MEXICO CITY (AP) — Last year, Mexico’s official number of missing people grew to over 100,000 for the first time. This year it stands even higher with authorities announcing Tuesday that 111,916 people have been “forcibly disappeared” and never found again since records began in 1962.
The true number could be higher still, however, due to systemic issues with the country’s register of missing people, according to the U.N. Committee on Enforced Disappearances which reported the figure. For advocates and victims, it’s a sign that Mexico’s current administration is taking another “step backwards” since the register was conceived in 2018.
While acknowledging the Mexican government cooperated with some of its requests since its last full observations in 2018, the U.N. said the national register still lacks a “clear and transparent methodology” or disaggregated data on the sexual orientation, gender identity, socioeconomic and migrant status of victims, among other demographics.
Elsewhere in the report, the U.N. said Mexican authorities were guilty of “revictimizing” some grieving relatives, including by accusing families of hiding abducted loved ones.
María Luisa Aguilar has worked as an advocate for missing people in Mexico for 15 years and said victims’ families “face a lot of risks” reporting their loss officially.
“In many places in Mexico, what you have is the authorities colluded with those who have been the perpetrators of the disappearances,” said Aguilar, now international coordinator for the Miguel Agustín Pro Juárez human rights center. In others cases families “don’t even have authorities to receive the reports.”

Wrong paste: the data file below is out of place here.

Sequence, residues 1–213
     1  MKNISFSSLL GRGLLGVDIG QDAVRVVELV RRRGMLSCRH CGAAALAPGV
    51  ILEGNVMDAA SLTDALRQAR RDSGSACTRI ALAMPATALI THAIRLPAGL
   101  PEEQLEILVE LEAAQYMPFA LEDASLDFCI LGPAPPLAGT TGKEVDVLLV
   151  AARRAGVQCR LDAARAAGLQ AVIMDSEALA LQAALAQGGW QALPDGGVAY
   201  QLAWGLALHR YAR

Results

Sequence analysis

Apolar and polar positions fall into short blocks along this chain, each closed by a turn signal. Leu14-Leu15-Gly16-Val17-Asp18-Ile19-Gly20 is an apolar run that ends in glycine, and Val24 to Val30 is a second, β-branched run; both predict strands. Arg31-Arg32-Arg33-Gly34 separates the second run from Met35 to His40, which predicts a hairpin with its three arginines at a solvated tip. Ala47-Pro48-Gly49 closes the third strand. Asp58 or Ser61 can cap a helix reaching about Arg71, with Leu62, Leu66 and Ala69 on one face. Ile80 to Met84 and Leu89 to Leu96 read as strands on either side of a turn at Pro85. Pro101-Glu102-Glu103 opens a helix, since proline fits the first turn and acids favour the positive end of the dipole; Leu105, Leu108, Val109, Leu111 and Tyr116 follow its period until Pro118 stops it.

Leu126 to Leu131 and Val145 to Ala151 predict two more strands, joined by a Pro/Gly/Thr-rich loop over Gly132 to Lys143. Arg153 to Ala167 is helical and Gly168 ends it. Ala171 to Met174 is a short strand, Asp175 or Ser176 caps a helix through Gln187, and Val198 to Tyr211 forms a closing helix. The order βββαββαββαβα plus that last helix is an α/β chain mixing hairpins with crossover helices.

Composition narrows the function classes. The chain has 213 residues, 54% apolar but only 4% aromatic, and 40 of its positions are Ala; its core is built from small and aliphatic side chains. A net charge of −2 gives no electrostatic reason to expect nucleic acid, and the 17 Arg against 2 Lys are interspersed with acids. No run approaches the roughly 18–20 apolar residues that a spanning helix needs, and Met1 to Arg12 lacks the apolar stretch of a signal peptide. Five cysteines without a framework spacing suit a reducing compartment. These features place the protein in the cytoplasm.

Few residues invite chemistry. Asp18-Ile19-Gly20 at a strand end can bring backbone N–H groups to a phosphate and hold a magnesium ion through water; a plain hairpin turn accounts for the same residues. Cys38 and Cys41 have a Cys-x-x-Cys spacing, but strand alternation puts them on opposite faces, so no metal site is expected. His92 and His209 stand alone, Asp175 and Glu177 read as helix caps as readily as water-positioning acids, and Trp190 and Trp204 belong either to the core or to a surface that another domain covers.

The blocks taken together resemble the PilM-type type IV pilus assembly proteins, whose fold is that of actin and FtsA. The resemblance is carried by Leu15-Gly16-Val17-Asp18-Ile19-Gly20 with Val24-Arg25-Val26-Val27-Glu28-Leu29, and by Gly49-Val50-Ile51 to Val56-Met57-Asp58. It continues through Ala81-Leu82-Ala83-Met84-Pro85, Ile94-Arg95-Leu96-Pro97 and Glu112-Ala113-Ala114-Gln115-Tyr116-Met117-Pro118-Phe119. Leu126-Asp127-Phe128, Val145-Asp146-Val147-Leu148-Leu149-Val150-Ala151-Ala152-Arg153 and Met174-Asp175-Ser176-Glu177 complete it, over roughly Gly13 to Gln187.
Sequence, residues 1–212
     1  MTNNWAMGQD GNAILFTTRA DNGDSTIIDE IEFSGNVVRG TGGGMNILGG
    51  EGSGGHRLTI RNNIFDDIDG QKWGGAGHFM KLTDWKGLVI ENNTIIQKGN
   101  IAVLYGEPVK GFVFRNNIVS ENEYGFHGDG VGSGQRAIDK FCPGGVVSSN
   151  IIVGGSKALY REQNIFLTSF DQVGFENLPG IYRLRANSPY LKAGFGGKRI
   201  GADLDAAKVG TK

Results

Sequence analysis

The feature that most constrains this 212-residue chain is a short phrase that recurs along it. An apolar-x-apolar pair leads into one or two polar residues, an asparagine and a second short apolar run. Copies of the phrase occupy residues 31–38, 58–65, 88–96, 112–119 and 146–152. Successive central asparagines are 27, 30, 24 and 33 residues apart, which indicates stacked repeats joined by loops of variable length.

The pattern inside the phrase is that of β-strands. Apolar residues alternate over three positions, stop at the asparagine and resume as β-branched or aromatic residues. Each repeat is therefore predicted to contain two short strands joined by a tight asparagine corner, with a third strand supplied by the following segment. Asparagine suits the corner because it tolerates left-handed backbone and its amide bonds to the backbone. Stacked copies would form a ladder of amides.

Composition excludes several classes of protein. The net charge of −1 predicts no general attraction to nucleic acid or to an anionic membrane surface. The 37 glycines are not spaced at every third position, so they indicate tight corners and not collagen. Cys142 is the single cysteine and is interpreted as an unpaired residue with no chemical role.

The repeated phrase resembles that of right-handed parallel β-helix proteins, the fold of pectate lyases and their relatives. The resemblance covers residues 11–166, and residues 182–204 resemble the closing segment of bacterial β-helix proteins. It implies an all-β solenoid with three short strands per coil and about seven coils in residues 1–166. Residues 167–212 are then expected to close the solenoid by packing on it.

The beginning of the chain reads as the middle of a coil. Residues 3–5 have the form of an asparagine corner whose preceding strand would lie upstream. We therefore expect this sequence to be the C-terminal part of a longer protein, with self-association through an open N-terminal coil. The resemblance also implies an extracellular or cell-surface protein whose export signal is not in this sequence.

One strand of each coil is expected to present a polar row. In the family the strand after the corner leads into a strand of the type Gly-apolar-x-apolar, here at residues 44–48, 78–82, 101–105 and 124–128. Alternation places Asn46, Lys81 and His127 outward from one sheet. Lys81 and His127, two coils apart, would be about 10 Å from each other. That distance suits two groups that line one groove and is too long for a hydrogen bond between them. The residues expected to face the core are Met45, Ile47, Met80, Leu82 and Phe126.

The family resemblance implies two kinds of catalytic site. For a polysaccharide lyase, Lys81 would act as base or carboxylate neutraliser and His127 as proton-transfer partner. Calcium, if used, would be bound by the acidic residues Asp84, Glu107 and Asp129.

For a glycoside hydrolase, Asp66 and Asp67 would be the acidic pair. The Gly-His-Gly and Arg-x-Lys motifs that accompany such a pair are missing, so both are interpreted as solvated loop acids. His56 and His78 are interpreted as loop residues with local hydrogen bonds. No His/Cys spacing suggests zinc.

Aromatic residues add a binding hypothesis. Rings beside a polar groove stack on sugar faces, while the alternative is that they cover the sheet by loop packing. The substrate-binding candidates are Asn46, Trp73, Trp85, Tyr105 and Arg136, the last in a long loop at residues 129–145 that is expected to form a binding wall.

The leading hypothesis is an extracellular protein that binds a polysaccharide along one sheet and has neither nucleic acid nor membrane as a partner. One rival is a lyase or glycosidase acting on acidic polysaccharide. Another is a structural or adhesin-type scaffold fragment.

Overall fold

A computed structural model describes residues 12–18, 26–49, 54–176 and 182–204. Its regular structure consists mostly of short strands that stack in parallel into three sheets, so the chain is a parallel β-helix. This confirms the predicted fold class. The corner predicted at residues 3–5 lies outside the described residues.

The government register also includes no “mechanism for relatives of disappeared people to participate,” said the committee, also noting “the resistance of some authorities” to report to the centralized register, without specifying which authorities or where.
When the register for missing people was written into law in 2018 it was welcomed by victims and advocates. More recently, however, it has come under attack by the same administration which created it.
In July, President Andrés Manuel López Obrador announced a recount of missing people, claiming the official register number was impossibly high. The following month he welcomed the resignation of then head of the National Search Commission tasked with keeping the register, Karla Quintana.
For advocates like Aguilar, what was once a sign of hope is now being taken apart from the inside.
“It was a great initiative: for the first time we had a register that actually tried to include most of the complaints,” said Aguilar. “Four years later the current government, the same administration, is now concerned that the numbers are too high.”
“The main concern is not whether these records are under or over the real number,” said Aguilar. “The thing is (López Obrador’s) review is being done more from a political perspective than to actually look at the main problem: having a crisis of this size.”
The Mexican interior department did not immediately respond to the Associated Press’ request for comment by email.
Source : apnews